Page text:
What To Teach
The challenges of coaching change dramatically depending on the age of your team, but the information here should be appropriate to all but the oldest and most competitive teams.
requires more than just skills and drills.
·For teams less than 12 years old, focus on teaching the basic skills. Introduce 'finesse' skills slowly and one at a time, all the while ensuring that the basic skill is still being performed correctly.
and praise the performance of the team and the individual players,
not so much on winning and losing.
·Respect every child, and they will develop respect for you.
·Challenge yourself to have every kid experience some level of success at every practice and game. Let them know that you are proud of them for their effort, accomplishment, concentration, discipline etc . . .
·Try to use skill development exercises and drills that foster teamwork and cooperation, not competition amongst the players. You'll have enough trouble with this without encouraging it further.
·Talk to the parents. They can do wonders to UNDO everything you try to teach if you don't communicate your expectations of the team and their child with them.
There are six fundamental areas that you as a volunteer coach should focus 'teaching' your team players.
Since when was a baseball game supposed to be fun?
For 4 to 8 year olds, they play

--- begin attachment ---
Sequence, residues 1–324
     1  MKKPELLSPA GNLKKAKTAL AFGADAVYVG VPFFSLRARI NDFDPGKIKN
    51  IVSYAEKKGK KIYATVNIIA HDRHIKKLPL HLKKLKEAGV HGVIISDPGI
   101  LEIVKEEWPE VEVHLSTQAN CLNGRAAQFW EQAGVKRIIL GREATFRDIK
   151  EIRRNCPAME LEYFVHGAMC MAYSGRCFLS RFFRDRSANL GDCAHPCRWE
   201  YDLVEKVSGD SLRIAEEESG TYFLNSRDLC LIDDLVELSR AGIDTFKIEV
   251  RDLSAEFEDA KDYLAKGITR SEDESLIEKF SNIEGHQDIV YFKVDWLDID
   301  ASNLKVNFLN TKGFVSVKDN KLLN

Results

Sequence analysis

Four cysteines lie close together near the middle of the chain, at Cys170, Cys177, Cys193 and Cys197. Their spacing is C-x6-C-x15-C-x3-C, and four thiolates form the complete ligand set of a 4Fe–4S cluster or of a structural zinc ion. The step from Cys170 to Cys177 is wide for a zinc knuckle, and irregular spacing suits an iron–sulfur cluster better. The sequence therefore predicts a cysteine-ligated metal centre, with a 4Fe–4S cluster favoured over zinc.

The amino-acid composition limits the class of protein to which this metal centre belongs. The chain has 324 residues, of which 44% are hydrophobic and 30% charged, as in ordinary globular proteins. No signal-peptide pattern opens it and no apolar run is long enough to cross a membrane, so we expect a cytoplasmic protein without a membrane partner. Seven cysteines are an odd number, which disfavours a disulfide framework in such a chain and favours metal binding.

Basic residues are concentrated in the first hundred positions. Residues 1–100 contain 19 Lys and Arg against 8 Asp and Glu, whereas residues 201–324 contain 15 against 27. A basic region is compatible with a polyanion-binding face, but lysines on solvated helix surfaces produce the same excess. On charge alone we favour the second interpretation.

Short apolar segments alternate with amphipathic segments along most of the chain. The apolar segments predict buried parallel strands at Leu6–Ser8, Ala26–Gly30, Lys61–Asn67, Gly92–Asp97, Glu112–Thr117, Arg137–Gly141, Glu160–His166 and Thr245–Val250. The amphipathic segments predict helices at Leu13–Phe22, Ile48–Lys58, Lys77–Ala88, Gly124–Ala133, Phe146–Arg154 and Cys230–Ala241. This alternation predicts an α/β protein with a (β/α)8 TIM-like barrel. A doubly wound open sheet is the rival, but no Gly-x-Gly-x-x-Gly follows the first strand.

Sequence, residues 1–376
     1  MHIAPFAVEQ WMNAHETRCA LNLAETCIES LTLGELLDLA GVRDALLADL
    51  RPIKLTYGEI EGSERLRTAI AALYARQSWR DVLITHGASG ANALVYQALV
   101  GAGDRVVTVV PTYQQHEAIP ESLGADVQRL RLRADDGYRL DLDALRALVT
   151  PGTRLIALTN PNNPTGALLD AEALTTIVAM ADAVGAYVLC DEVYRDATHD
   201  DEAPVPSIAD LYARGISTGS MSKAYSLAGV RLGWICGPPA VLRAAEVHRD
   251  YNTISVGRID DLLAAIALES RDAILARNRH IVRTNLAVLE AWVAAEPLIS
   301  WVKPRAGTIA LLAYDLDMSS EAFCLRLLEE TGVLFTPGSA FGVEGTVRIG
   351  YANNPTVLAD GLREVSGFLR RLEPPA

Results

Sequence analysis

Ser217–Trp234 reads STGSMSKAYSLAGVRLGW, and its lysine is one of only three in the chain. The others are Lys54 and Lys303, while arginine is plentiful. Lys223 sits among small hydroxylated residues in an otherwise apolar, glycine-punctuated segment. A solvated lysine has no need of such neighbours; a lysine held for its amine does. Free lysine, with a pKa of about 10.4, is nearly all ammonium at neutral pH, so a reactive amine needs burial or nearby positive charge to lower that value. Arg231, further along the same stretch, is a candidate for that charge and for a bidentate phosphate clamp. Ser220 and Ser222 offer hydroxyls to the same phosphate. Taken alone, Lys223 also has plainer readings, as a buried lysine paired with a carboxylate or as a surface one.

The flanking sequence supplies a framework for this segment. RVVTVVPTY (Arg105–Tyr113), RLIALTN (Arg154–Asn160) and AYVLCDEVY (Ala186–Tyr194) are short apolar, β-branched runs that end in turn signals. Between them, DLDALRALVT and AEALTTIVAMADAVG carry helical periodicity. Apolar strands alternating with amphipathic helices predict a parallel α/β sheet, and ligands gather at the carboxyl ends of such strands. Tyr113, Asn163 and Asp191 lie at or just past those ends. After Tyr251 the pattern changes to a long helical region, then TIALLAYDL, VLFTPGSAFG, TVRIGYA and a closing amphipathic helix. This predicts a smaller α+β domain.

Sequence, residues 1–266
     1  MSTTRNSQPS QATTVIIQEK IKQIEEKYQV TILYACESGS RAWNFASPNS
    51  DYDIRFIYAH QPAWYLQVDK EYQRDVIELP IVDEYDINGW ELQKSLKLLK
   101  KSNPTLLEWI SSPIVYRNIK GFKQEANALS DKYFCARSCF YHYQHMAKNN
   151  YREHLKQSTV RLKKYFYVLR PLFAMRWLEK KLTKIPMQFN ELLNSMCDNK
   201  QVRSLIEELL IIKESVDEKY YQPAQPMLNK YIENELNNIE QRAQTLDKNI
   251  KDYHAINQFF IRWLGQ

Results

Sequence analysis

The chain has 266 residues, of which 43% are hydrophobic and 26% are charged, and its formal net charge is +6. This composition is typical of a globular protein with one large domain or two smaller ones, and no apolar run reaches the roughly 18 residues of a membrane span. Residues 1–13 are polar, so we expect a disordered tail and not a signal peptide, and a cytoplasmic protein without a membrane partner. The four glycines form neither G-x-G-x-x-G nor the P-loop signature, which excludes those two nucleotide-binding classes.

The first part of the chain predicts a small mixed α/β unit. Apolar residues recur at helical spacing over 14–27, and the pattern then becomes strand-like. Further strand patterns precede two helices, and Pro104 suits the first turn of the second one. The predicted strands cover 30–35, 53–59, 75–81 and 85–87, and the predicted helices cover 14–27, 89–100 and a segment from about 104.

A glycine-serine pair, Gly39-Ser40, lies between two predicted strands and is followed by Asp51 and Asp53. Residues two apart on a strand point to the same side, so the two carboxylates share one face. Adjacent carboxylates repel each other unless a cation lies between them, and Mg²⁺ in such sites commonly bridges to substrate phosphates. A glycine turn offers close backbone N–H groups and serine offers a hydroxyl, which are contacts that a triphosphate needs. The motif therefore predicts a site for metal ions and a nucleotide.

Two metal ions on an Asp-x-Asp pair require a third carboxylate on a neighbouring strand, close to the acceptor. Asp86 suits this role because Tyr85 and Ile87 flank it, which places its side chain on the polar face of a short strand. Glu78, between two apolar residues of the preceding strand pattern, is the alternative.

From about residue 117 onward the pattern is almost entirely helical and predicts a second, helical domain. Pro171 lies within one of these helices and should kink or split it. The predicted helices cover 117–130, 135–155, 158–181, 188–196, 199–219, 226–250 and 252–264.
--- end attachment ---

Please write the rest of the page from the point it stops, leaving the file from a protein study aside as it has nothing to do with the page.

completely for fun.
Fitness. If you've read a paper recently, you've undoubtedly read about the declining fitness of America's Youth. It is your charge to instill among your players a lifetime appreciation of cardiovascular exercise and fitness. This goes way beyond hard pec's and pumped calves. It means developing a fit mind, spirit and body.
Always include warm-up and conditioning exercises in
your practice sessions, and NEVER
use running laps, sit-ups, push-ups or any other physical activity as
punishment. The player will begin to associate punishment with exercise.
Teamwork. Young players are very egotistical or 'me' oriented and have very little awareness of the team or 'us'. So try to balance your team by equalizing skills, sizes and abilities. Having strong players 'mentor' less skilled players can help the less-skilled player greatly, and you never know, you might just have introduced life-long friends! And always discuss skill-development one-on-one with each player, not in front of the other players. This keeps the kids from comparing themselves to each other and fostering even more competition.
Skills. Depending on the age of your team, you will have to modify the information you teach. For instance, force-out can be really tough for some T-Ball players to understand. Forwards, mid-fielders and defense are difficult concepts for Pre-K and Kindergarten teams. Be sure to prepare your practice sessions in advance. Practice and review previously taught skills, then introduce and practice new skills. Encourage other skills in your "Team Talks", such as communication and decision-making skills.
Your team will most likely have good players, OK players and a
novice player or two. You'll have players from high-income families
and players from low-income families. You may have White players,
Black players, Hispanic players, Indian players, etc . . .
But it doesn't matter.
Respect. Your leadership and example will instill most of these points. For them to respect themselves, they must feel good about themselves. So, a little praise for minor or major accomplishments goes a long way, and guarantees their respect for you.
·Respect for the game.
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